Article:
"Run for your life from the man who tells you that money is evil. That sentence is the leper's bell of an approaching looter. So long as men live together on earth and need means to deal with one another-their only substitute, if they abandon money, is the muzzle of a gun."

    Who is John Galt?

  13. #58
    Senior Member Array BlackPR's Avatar
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    Quote Originally Posted by tinkerinWstuff View Post
    Maybe there is still a chance. If I'm understanding everything correctly, this was an injunction and not a final rule? So if the NRA and the DOI can get their crap together, maybe they can come armed with the information supporting the position that there IS no significant environmental impact. I.E. state parks allowing CCW and other public lands. So the defendants can say, "we felt there was no significant environmental impact and did not require an EIS. By looking at state parks and similar lands; here is additional proof supporting our position." Correct me if I'm wrong, but maybe rather than doing the EIS, they can show more evidence supporting the position that it isn't required.

    It's a tough situation. This is just an injunction, but there's a very high likelyhood that it will be the final result. The judge even said so in her ruling.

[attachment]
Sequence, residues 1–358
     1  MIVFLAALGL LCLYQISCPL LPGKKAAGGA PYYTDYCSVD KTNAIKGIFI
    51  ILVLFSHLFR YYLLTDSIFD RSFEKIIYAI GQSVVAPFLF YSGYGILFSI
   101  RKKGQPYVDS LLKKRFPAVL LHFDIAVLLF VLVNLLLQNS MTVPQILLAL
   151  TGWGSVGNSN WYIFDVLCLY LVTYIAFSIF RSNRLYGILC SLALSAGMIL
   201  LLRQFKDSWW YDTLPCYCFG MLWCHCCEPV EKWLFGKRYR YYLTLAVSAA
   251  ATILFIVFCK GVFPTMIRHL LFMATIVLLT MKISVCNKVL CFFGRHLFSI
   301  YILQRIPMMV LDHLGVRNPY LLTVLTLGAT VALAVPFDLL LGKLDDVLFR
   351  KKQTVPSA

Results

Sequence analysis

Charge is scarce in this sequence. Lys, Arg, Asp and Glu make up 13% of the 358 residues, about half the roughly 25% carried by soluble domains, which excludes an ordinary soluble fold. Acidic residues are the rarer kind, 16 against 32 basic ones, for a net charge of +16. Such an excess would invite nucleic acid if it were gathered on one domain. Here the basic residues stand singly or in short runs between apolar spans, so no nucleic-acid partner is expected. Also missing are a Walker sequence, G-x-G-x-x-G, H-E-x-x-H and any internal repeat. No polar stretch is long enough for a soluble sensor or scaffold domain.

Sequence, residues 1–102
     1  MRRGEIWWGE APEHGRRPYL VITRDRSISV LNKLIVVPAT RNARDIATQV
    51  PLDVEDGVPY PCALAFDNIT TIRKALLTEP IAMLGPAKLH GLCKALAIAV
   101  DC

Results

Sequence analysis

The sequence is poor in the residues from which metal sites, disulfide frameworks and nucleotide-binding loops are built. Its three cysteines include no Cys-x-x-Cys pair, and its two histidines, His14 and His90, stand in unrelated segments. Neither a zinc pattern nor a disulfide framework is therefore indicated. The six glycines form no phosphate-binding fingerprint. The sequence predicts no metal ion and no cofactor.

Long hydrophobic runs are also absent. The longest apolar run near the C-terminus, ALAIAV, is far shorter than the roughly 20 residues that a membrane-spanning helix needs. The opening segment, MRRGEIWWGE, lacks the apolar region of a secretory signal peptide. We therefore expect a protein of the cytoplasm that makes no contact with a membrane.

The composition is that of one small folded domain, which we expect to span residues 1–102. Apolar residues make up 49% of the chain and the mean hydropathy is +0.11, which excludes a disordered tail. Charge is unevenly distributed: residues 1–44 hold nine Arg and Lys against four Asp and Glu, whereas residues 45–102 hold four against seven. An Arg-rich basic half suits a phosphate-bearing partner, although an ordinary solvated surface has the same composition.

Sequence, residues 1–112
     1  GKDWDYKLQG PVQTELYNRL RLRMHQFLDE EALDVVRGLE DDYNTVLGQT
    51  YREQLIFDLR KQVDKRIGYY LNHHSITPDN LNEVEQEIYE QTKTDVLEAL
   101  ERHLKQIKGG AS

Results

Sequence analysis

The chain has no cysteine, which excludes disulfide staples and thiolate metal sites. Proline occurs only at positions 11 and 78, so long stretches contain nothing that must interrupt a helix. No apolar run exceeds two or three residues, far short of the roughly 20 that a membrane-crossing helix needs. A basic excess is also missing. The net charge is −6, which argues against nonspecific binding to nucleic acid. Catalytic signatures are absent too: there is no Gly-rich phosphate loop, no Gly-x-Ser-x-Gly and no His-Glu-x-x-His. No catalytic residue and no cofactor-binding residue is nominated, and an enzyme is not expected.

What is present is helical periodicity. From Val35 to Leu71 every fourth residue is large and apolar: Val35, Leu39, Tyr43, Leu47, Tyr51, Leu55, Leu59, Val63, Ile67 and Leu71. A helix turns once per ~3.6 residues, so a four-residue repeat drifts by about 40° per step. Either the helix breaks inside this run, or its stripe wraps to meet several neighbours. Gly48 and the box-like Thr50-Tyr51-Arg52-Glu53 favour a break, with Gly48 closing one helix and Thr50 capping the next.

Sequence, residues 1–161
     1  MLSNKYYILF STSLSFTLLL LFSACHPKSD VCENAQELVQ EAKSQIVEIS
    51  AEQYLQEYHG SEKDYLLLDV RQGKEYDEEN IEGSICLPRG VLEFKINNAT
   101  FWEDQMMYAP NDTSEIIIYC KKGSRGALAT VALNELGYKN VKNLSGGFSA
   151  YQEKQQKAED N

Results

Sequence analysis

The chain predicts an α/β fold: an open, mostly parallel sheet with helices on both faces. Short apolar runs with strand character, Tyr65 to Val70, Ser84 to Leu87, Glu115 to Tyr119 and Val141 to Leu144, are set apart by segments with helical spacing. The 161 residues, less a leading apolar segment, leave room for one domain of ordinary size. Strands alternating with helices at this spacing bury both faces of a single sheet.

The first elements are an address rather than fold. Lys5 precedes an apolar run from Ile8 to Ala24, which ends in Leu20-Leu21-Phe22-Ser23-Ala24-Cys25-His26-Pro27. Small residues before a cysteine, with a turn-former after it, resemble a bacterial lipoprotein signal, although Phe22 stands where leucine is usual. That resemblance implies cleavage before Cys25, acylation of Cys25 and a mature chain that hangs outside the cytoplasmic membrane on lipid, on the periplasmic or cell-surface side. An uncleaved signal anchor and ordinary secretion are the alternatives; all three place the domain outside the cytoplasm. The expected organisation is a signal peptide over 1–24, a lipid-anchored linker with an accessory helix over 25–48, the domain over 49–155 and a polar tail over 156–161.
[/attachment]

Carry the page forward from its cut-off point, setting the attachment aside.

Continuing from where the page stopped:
The problem with the NRA and the DOI getting on the ball now is what I mentioned previously... "estoppel".. They cannot change their arguments now. They're stuck with the date they brought to the prom. The best they can do is argue hard for those already-made arguments and hope for the best. Not likely to help.

    There are alternative remedies that the judge could possibly do, although this is pure speculation on my part. She could Enjoin the rule until such time that the proper studies are done, at which point the injunction would be lifted -- to do that, I think that she would have to feel that this was clearly an accident and not wilful on the part of the DOI. Again, not likely, even though that approach would seem to take the best interests of the people to heart. It would've been more likely had the DOI provided a solid reason for needing to make the change in the first place. Then the judge could say, "well, they had a good reason to change it... they just didn't go about it right. So go back and do the parts you skipped." But the judge has already said they didn't justify the need in the first place, making it FAR more likely she'll just toss the rule overall.

    At this stage, I would put it at 99.99% likely the rule goes.

    This court case is a stinker, and I don't think any time should be wasted on it. The DOI should just withdraw the rule, admit they didn't do it right the first time and start over. That's the smart thing to do. I put the likelyhood of that happening at maybe 10-15%. It's the best use of taxpayer money, I just don't trust that they'll try again at all.

    You know I don't like that answer... National Park carry was my pet project for a LONG time.
    The facts are indisputable. There is more data supporting the benefits of Conceal Carry than there is supporting global warming. If you choose ignorance, in light of all the evidence, in order to bolster your irrational fear of guns, you are a greater threat to society than any gun owner.

  14. #59